With the years before the official launch, details around the next generation BMW 3 Series are still sketchy and guarded well behind the Munich HQ gates.
Let’s recap first what we know about the 2012 BMW 3 Series and then go into the latest details revealed by Autocar UK.
The proportions of a typical 3 Series will remain, meaning squat proportions, short rear overhang and wheels placed to each corner. The overall look is slimmer and more toned than the E90.
Rendering – not the actual design
The front of the car receives a widened, but not too large kidney grille , smaller than the F10 5er with shapely lighting units surround the grille.
The rear of the car offers a typical BMW layout with the classic L shape lighting units the larger part of the L shaped lights that sits on the corner and wraps around the rear of the car dips at the lower edge.
Here is an excerpt from the Autocar article posted today:
BMW is poised to completely reinvent the 3-series family for the low-carbon age.
Talking exclusively to Autocar, a senior BMW source revealed that a ground-up rethink of the company’s biggest-selling model will ensure that the next-generation 3-series will “remain relevant even when it goes off sale in 12 years’ time”.
The new 3-series is expected to make its public debut at the 2011 Paris motor show. In its first incarnation, the new model is expected to offer class-leading aerodynamics, with a Cd figure of 0.24, as well as pioneering the use of three-cylinder engines in premium vehicles.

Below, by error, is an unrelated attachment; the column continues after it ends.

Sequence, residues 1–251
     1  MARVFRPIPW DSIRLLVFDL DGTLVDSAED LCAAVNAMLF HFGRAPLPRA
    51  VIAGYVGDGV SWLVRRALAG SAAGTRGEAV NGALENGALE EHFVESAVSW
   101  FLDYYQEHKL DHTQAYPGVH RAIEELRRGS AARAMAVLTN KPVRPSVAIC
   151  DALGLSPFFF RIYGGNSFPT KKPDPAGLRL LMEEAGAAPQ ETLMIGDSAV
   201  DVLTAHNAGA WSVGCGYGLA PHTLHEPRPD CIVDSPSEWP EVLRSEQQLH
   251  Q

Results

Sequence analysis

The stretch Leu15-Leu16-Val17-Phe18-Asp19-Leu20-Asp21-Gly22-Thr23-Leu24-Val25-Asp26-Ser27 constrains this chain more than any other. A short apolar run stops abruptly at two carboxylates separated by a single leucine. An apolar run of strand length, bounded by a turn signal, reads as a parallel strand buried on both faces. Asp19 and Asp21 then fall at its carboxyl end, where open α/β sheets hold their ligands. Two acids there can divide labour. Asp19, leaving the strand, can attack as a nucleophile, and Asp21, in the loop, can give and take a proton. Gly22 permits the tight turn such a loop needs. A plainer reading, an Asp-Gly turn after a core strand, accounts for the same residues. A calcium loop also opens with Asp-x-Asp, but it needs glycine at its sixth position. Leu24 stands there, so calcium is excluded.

The 3-series is part of a new BMW strategy in which ‘premium’ is defined in terms of environmental compatibility. It is this strategy that has prompted BMW to pull out of Formula One from the end of this year.
Hilton Holloway blog: Premium sustainability
The reinvention will step up a gear in 2016 when the 3-series undergoes a mid-life revamp. This is expected to represent the biggest technological step-change in car design for decades.
Sources say much of the underskin technology — such as the climate control system — will be completely re-engineered. Many of today’s in-car systems have in principle remained unchanged for decades.
Some details are interesting, but at the same time, remember that many of them could be simple rumors or assumptions. More accurate details will start to be revealed next year as the first full test mules will hit the streets.